In the shadow of Hurricane Fiona, Bad Bunny turned a music video into a documentary to save Puerto Rico.
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“It is important that the world knows the reality of P.R., especially the United States,” Javier Tomas, 27, said about Bad Bunny’s new music video, “El Apagón” (The Blackout).
“Maldita sea, otro apagón.” (“Damn it, another blackout.”)
For Puerto Rican residents like Noelia Torres, 22, Bad Bunny’s words in his newly released music video for “El Apagón” (The Blackout) could not have come at a better time.
Torres, a resident of the town of Caguas, is currently without electricity and water following Hurricane Fiona, which has caused devastating destruction, including an islandwide blackout and catastrophic flooding.
Bad Bunny’s new video features more than his song — it is followed by an 18-minute documentary highlighting injustices and inequalities that Puerto Ricans have been grappling with for years.
The documentary, “Aquí Vive Gente” (“People Live Here”) by Bianca Graulau, an independent journalist from Puerto Rico, looks at the island’s ongoing struggle with the power grid, issues of gentrification and the ensuing displacement impacting the island’s residents.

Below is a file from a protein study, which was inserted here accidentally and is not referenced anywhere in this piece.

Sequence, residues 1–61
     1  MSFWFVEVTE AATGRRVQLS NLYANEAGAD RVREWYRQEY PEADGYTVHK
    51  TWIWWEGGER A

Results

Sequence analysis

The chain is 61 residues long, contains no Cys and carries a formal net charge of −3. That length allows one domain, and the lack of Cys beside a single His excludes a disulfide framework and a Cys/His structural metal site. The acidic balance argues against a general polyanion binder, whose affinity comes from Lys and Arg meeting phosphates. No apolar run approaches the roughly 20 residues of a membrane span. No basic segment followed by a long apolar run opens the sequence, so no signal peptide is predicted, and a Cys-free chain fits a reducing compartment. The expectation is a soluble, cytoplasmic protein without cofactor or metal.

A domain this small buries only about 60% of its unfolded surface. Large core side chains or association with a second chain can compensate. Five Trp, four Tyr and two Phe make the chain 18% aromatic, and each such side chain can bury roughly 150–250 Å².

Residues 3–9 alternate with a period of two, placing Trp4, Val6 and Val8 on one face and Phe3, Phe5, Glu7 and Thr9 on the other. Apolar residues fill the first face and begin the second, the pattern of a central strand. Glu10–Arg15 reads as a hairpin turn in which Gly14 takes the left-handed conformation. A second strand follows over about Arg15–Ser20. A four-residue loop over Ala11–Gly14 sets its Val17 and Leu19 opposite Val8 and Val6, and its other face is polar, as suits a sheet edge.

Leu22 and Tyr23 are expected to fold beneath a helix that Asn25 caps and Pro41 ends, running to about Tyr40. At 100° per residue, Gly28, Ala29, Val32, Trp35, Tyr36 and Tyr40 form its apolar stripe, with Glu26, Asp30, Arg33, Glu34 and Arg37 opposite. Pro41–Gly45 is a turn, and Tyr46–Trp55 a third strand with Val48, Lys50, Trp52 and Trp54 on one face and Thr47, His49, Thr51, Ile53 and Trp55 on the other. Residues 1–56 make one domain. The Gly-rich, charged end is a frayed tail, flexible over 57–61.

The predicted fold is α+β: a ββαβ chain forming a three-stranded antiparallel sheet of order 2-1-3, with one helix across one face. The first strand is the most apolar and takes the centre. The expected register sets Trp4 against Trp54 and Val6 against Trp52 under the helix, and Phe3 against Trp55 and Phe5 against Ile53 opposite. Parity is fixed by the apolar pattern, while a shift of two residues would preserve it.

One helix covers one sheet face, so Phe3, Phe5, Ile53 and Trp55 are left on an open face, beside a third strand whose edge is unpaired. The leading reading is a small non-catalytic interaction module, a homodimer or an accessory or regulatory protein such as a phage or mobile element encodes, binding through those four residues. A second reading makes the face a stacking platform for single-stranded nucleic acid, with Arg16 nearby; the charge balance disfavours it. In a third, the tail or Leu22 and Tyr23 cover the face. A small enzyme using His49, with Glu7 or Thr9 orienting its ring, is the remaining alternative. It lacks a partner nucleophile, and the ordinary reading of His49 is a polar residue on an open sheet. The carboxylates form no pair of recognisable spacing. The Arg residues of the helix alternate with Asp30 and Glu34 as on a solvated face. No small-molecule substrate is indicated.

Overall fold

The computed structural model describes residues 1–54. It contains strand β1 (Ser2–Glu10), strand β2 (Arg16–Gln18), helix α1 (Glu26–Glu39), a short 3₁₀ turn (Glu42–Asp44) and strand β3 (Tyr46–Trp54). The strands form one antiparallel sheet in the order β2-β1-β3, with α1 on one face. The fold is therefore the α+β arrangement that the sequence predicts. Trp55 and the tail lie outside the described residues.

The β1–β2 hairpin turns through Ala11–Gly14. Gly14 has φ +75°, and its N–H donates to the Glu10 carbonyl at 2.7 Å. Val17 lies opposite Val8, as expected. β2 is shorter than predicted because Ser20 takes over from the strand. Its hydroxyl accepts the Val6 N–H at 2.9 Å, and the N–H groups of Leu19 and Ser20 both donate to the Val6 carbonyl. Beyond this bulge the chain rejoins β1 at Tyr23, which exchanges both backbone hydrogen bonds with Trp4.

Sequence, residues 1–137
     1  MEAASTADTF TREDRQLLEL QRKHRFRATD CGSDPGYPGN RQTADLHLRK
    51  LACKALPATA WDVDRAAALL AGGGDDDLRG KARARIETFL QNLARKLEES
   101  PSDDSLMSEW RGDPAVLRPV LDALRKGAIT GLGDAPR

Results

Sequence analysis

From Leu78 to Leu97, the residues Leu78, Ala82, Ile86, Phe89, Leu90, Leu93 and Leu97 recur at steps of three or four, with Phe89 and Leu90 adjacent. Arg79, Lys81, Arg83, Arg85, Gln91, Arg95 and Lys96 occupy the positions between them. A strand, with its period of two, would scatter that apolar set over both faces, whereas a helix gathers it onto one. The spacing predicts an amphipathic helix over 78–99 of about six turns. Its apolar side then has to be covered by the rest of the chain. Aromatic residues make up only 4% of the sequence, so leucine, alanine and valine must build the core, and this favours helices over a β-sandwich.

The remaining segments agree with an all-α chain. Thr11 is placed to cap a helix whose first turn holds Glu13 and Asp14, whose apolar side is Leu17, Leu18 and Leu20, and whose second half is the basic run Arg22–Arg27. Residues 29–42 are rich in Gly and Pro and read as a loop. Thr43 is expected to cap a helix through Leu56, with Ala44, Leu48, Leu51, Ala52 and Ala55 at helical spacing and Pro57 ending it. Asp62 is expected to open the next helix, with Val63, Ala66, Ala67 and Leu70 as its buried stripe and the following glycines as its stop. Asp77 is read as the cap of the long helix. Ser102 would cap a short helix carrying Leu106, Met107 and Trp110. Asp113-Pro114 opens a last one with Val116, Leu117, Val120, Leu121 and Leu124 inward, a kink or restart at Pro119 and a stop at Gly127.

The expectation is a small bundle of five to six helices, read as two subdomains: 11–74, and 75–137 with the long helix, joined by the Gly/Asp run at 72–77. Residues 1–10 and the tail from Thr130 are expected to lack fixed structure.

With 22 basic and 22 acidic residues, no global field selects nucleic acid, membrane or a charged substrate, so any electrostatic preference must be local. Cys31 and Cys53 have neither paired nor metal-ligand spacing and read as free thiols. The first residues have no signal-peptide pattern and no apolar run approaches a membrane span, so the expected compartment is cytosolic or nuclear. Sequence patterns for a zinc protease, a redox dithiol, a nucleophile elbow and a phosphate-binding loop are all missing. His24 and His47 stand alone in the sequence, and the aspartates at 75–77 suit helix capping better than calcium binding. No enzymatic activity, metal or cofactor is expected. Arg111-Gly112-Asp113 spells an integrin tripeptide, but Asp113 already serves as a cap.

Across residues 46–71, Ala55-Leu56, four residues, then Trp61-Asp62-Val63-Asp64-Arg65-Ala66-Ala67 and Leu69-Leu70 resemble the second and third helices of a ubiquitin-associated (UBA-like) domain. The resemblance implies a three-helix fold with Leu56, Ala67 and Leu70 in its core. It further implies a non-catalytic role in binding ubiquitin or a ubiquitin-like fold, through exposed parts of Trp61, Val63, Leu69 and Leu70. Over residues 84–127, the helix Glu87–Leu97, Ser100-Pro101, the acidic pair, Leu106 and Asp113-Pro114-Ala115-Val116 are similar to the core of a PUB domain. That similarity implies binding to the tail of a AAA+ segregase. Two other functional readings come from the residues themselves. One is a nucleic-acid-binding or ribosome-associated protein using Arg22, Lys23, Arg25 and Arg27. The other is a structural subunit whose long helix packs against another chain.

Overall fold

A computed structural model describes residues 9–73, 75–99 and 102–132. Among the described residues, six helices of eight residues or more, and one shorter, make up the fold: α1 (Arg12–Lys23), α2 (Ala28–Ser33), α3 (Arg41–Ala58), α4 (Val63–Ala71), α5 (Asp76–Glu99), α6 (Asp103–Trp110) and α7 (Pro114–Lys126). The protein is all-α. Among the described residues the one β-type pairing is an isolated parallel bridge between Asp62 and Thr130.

Torres loves that the Puerto Rican trap-reggaeton superstar used his platform to put a spotlight on the island’s very deteriorated electrical system — as Puerto Ricans continue to struggle without power, potable water and heavy damage following Hurricane Fiona.
“He uses his platform to educate issues that really matter,” Torres told NBC News. “He’s been a huge supporter of Puerto Rico. He is always telling us to do what we want with conscience and to always fight for our dreams and fight for a better future for our island of Puerto Rico.”
Yaisha Marie Thodes felt her eyes start to water when she saw her own great-grandmother featured in Bad Bunny’s video.
“Thank you Bad Bunny, thank you for being who you are, thank you for representing us and having us in your heart and soul,” she wrote in a Facebook post.